Tuesday, November 26, 2013
Facebook has added a new application for users to deal with the passing of a loved one. It is called Sanctri. The app provides Facebook users with options like joining community groups that focus on grief counseling, creating social memorials, and raising funds for charity to commemorate the deceased. The app changes the language used on the Facebook page to instead of "following" someone you "remember" them and instead of "liking" something, you are "moved" by it. Users will still be in Facebook but away from the everyday communication. Sanctri was developed to "preserve the memory of those we've lost sensitively on Facebook."
See David Cohen How to Deal with Death on Facebook, Allfacebook.com, Nov. 22, 2013.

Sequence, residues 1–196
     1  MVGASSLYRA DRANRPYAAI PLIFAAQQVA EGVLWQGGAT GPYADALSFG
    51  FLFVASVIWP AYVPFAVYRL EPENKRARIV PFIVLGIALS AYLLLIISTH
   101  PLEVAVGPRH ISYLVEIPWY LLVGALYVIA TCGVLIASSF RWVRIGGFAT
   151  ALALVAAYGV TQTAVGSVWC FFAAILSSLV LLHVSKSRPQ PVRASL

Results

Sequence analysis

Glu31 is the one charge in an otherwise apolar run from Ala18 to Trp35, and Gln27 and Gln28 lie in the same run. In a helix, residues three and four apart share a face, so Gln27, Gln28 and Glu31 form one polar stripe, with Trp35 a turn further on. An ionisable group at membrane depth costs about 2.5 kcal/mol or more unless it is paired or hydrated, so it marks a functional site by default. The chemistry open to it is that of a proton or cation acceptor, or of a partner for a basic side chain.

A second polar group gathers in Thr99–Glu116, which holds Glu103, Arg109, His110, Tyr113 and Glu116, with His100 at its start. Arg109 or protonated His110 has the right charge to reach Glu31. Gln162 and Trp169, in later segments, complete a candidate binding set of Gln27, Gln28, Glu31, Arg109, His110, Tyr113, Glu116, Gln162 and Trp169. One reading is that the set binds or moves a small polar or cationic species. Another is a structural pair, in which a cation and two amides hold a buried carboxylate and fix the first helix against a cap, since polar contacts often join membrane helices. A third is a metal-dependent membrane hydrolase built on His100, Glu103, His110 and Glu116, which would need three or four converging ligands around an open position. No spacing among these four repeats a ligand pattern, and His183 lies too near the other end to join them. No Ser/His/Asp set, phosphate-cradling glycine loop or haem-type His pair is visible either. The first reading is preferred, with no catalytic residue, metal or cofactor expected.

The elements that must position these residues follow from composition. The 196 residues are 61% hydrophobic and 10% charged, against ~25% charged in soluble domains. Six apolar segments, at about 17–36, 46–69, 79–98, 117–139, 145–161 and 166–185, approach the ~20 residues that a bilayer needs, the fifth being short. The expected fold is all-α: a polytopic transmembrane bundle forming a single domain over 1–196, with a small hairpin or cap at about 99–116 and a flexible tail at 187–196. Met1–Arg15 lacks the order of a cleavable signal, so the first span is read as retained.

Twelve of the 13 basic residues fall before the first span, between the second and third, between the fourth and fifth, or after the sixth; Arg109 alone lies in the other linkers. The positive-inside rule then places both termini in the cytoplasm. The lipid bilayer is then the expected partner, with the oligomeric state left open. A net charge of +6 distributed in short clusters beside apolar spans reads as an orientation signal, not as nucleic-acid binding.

Special thanks to Brian Cohan (Attorney at Law, Law Offices of Brian J. Cohan, P.C.) for bringing this article to my attention.
Monday, November 11, 2013
Seven states currently have laws granting fiduciary access to the online accounts of an incapacitated or deceased person, and at least eighteen other states are considering passing such a law. The Uniform Law Commission is also drafting a Fiduciary Access to Digital Assets model act.
These state laws granting fiduciary access may have a limited effect due to federal preemption or supremacy, especially the privacy protections under the federal Stored Communications Act. However, a court may conclude that state fiduciary laws, as well as the Uniform Law Commission’s model act, generally would not conflict with, or be preempted by, the Stored Communications Act.